Something important to note that I’m not seeing… you can’t use an HSA on insurance premiums. Just deductibles/copays and other costs. So a 50-year-old would be amiss tie up all his money in it. The ‘increased cost due to age’ will mainly come through premium cost (for ACA plans for sure) to you or your employer.

    So having $50k or whatever in it is great, but if your deductible is $2k and your max out of pocket is $6k… just saying. Your health spend is very unlikely to outpace the IRS max contributions in the long run. Obviously situations vary.

    • Brian says:

      This is the key point though:

      “When you turn 65, you can use HSA funds on not just medical expenses, but anything, without penalty (non-medical expenses are taxed like Traditional IRA distributions) – so there’s little downside to contributing too much.”

      You can basically use it like an additional retirement savings vehicle (with the upside of also being able to cover medical expenses in the meantime). It doesn’t matter if you have way more in there than you’ll ever spend on medical expenses… live off of it 🙂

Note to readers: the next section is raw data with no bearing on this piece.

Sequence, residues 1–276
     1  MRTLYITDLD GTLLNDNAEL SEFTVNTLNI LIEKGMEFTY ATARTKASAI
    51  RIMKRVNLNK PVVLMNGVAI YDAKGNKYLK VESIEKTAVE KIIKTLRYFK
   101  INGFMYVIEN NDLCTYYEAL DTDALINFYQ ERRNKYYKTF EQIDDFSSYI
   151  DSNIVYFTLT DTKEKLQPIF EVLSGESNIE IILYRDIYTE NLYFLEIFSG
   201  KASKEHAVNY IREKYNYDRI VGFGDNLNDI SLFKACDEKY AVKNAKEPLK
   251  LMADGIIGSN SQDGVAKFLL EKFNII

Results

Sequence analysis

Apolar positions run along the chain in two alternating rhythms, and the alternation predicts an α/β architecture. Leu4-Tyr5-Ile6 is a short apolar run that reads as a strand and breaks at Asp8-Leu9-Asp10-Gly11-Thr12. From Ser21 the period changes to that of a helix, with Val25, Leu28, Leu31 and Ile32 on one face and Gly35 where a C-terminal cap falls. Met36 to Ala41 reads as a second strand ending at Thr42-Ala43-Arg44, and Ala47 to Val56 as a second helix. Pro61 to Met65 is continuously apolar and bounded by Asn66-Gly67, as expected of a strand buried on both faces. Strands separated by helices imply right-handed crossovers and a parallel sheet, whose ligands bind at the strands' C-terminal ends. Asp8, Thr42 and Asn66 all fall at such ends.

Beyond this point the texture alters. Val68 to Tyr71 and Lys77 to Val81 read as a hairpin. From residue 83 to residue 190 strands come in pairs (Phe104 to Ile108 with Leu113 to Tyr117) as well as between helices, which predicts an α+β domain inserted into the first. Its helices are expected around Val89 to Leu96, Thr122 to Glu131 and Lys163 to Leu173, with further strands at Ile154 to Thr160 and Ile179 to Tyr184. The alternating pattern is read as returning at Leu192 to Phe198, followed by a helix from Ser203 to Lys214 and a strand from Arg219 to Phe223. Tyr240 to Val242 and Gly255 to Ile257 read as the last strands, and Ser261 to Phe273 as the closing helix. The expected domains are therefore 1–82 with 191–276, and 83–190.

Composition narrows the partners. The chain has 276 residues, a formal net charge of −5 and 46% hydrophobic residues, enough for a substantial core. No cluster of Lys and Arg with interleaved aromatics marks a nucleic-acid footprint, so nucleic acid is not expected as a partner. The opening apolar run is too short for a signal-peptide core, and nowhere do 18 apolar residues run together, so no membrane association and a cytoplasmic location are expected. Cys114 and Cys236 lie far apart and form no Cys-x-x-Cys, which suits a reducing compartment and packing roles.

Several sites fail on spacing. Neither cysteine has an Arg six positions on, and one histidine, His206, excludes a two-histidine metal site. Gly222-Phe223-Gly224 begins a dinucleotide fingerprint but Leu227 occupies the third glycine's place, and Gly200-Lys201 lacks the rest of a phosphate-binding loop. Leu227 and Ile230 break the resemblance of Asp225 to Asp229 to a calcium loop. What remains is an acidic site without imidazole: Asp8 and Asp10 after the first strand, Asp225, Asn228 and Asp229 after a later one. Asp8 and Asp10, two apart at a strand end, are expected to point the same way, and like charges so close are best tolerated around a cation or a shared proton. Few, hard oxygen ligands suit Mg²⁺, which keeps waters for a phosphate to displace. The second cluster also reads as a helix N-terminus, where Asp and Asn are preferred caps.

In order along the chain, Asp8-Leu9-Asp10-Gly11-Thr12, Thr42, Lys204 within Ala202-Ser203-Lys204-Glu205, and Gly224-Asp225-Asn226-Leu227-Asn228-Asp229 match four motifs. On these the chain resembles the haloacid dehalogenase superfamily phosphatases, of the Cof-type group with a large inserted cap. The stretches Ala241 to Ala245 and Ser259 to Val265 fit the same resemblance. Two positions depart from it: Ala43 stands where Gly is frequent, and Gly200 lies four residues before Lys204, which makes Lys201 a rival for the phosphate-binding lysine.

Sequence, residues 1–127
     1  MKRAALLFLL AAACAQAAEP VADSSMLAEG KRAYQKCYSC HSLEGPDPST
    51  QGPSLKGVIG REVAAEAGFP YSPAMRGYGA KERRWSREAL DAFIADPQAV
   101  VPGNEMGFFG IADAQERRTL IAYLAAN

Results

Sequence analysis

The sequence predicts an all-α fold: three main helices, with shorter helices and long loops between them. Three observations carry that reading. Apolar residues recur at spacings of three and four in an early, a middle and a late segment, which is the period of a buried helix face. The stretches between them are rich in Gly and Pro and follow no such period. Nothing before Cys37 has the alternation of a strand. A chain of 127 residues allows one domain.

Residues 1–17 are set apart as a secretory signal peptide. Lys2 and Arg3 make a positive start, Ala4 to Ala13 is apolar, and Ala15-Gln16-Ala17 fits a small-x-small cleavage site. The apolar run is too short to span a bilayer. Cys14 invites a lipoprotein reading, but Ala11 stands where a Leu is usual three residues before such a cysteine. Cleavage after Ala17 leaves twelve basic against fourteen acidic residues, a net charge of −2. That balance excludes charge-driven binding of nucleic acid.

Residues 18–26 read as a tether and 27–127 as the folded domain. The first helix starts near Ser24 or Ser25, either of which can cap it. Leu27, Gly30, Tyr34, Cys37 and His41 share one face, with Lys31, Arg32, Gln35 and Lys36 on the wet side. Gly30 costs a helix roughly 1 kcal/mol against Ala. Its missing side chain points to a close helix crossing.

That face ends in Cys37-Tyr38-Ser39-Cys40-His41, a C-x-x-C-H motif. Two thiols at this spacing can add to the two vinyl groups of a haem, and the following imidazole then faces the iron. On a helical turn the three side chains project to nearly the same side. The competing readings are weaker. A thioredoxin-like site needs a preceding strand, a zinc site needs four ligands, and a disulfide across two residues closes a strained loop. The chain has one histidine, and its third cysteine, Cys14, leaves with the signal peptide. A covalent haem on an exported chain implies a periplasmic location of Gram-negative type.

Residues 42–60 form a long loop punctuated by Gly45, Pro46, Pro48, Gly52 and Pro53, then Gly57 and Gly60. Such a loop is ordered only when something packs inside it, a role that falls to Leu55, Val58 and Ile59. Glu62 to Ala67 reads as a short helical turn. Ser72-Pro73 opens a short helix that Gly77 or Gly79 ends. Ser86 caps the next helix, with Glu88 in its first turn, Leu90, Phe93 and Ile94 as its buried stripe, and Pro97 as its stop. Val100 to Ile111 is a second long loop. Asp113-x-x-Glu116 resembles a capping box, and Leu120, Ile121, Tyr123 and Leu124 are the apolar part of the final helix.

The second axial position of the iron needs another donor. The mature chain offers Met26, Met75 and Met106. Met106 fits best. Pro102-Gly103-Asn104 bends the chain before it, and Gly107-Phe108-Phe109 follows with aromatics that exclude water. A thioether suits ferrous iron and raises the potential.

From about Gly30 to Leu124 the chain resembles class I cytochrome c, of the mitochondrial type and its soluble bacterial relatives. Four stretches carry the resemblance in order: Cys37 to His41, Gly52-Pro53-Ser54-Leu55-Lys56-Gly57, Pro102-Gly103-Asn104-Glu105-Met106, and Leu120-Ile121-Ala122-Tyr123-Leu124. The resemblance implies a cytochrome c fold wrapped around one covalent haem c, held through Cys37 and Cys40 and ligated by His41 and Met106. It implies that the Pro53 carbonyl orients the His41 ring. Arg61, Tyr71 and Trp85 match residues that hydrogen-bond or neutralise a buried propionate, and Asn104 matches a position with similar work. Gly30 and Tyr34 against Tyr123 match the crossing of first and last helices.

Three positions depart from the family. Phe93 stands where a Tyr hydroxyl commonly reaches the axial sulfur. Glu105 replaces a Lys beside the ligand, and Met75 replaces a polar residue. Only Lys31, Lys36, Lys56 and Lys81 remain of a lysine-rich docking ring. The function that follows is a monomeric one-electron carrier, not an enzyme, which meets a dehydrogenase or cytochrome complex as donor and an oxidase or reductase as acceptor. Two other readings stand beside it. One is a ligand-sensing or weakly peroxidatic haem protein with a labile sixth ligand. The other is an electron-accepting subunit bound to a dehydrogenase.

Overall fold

• Mike B says:

    Do you feel that HSA’s should only be used as a retirement tool or is there merit to using it for your healthcare expenses? I am considering making a tool that will show all the possible covered medical expenses, keep track of yearly deductible spending, and how to maximize healthcare dollars.

    Are there things you are unhappy with about your current HSA that you would like see changed or improved upon?

  • Paying for medical expenses through an HSA also results in a huge reduction in “moral hazard”. For instance, when shopping for an MRI provider, the prices ranged from $1500 to $300 – for the same service. All except the $300 provider could not immediately answer the question, “how much will it cost?” Instead, they asked me, “Why do you care? Doesn’t insurance pay for it?”, and then had to research their price and get back to me.

    HMO plans are not really insurance – they are more like an all-you-can-eat restaurant. The restaurant damages your health as you overeat in order to feel you are “getting your money’s worth”. The HMO damages your wallet as you pay no attention to medical price scalping (which you ultimately pay for in higher premiums).

  • Ron Ablang says: